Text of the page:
• 182. CONTENTSINNOVATIONS AND IDEAS... PAST IDEAS AND INNOVATIONSTECKs and TREKs Each TREK contains three Iridium satellite handsets,Where massive network interruptions occur, Telstra with main and in-car chargers plus one solar mat,mobilises its Cells on Wheels (CoWs) providing offering three ways to recharge the phones. Eachmobile communications and their Telstra Emergency phone is programmed with a mobile number toCommunications Kits (TECKs) to provide local which other services can be redirected, which iscommunication access for recovery and support not available on usual satellite services. TREKs arecentres. recovered and replaced with TECKs when mobile coverage is restored.The TECK is a small, portable communications pack *Ericsson’s W25 fixed wireless terminal is a high-speed wireless voicedesigned to provide voice, data and broadband and data gateway and, when combined with Telstra’s Next G® network,services to emergency services during times of provides the perfect solution for a mobile office.crisis.Three hundred kits have been sent to key locationsacross the country. Upon deployment each TECKis tracked allowing the swift recovery of individualunits so devices can be tested and prepared for fastredeployment.The TECK operates over Telstra’s Next G® networkand includes a W25* wireless device and accessoriesto allow the device to be installed quickly.The W25 is a 240 volt powered unit requiring accessto mains or generator-provided power.However, depending on the situation (road access,etc.), it may take a few days to arrange the relocationof a CoW. Therefore, the Telstra Remote EmergencyKit (TREK), which operates over the Iridium Satellitenetwork, was developed and is made availableprior to predicted events in order to providecommunication during emergencies.Opposite Left: MEoW® (Mobile Exchange on Wheels) being demonstrated to local Service Delivery field team members at Gruyere Exchange (Vic), highlighting the benefits of the MEoW® for restoring customer serviceswhen there is a major exchange outage (l-r) Peter Mathieson, Steve Quinn and John Fixter. Opposite Right: SatCoW set up by Clint Dickson on Palm Island (see related story, ‘SatCoW flies to Palm Island’ p.154). 181Above Left: Telstra Remote Emergency Kit (TREK) with three handsets. Above Right: Mark Procter, Telstra Business, uses the TECK set up at the Tully (Qld) recovery centre.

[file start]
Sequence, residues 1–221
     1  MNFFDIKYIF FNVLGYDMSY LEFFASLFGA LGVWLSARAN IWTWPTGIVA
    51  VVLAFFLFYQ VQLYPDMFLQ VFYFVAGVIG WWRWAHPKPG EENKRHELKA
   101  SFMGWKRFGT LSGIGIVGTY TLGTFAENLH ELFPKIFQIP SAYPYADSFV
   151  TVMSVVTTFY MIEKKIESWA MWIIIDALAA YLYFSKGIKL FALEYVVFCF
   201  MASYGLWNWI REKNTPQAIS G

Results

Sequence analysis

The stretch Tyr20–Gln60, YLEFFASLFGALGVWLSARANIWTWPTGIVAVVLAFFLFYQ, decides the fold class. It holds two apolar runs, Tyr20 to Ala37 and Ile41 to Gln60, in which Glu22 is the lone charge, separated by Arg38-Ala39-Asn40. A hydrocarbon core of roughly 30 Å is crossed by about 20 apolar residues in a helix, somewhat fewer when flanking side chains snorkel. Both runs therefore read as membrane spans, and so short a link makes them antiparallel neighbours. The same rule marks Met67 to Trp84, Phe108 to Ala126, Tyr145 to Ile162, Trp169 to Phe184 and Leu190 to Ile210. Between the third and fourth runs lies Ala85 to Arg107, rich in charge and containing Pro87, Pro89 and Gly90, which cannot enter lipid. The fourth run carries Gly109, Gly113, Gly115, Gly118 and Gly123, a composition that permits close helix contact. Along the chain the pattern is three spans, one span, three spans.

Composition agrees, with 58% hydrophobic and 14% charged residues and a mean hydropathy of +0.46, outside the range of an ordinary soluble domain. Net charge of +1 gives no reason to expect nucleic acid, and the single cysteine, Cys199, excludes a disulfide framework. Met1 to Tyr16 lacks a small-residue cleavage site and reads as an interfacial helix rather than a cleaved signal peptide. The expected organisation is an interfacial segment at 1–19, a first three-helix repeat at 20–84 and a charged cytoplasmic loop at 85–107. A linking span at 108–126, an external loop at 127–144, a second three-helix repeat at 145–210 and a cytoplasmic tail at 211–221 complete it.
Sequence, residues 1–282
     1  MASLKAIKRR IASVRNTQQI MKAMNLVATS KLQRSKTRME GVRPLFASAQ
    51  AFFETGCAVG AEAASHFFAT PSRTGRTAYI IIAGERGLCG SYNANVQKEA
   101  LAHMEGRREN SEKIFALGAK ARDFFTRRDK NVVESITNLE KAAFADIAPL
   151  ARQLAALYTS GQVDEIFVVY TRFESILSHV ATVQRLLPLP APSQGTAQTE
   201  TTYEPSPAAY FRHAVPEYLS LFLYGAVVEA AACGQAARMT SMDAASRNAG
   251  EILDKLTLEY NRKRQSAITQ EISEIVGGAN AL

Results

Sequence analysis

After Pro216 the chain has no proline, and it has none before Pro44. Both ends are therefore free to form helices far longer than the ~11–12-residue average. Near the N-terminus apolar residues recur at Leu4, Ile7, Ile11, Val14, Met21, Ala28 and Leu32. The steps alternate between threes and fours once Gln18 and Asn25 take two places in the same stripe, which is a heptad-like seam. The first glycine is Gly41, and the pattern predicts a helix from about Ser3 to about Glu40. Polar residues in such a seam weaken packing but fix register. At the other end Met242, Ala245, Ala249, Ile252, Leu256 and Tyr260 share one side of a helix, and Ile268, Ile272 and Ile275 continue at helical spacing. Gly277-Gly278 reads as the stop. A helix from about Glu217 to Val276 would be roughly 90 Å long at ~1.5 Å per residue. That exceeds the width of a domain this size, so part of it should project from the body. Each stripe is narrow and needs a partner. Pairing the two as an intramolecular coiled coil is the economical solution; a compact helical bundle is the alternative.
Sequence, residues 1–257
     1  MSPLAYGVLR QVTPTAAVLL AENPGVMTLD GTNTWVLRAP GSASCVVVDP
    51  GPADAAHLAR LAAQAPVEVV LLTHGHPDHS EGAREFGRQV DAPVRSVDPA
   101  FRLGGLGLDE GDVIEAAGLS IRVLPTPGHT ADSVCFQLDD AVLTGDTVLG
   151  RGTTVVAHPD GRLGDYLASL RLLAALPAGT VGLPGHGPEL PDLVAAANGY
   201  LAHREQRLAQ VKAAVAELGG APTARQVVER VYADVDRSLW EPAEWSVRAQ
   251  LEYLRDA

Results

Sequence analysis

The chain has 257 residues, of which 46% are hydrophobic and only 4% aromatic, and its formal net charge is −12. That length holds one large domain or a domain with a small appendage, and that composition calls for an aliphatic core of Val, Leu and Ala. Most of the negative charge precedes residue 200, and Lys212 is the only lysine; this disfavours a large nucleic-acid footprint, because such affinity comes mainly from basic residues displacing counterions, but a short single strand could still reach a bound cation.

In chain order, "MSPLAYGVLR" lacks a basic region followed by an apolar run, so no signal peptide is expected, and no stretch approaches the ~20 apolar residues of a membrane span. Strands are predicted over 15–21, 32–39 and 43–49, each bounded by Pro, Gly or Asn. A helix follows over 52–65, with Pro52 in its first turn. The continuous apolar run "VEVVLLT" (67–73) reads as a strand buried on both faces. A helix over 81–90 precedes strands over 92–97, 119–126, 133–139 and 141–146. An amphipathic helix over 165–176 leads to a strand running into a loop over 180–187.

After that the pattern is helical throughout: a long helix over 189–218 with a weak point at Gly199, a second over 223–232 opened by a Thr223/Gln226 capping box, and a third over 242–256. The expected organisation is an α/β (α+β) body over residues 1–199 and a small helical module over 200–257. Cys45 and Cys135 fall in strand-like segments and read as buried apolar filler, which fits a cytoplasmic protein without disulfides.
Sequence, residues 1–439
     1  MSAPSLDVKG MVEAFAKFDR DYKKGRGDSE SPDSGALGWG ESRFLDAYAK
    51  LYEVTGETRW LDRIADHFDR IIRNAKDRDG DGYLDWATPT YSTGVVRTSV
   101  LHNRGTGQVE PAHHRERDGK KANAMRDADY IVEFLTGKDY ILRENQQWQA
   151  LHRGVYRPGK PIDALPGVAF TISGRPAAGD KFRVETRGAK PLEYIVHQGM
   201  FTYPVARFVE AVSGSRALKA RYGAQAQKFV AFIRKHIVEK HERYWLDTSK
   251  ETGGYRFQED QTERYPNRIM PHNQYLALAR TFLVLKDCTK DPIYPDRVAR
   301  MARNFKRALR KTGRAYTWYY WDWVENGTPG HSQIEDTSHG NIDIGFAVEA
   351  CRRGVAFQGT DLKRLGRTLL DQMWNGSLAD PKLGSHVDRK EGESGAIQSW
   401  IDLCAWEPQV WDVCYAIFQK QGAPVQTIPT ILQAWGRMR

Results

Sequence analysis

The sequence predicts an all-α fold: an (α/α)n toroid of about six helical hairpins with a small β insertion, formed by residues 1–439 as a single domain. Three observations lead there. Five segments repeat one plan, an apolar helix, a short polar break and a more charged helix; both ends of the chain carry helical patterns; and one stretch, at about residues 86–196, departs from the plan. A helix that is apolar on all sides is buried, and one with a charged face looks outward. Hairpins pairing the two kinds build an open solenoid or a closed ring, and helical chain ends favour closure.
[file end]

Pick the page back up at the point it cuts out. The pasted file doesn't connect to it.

• 183. CONTENTS INNOVATIONS AND IDEAS... IDEAS AND INNOVATIONS DUE TO SUMMER 2010/11 RIM to CMUX conversion plate The issue Telstra encountered was that RIM materials Network Construction’s John Dempster and Greg During the devastating floods that gripped are no longer manufactured, therefore another Fay in conjunction with Networks and Access Queensland, many stories have surfaced of the technology was required. Network Construction Technologies’ Evan Toon and Peter Harvey designed challenges faced by our teams on the ground. One and Network & Access Technology teams decided and constructed a plinth (adapter plate) that could such challenge, at three sites within the Brisbane the best course of action was to utilise existing RIM be fixed to an existing RIM foundation and allow a Metro precinct (two at Jamboree Heights and foundations and create a ‘conversion plate’ that CMUX unit to be connected. one at Chapel Hill), required a Remote Integrated enabled a CMUX (Customer Multiplexer unit) to be This innovation enabled a quick resolution to a Multiplexer (RIM roadside cabinet) replacement to utilised. tricky problem, and by utilising the existing slab enable restoration of services. and conduit entry the team provided a conversion solution which can be easily built and easily used elsewhere in the network.182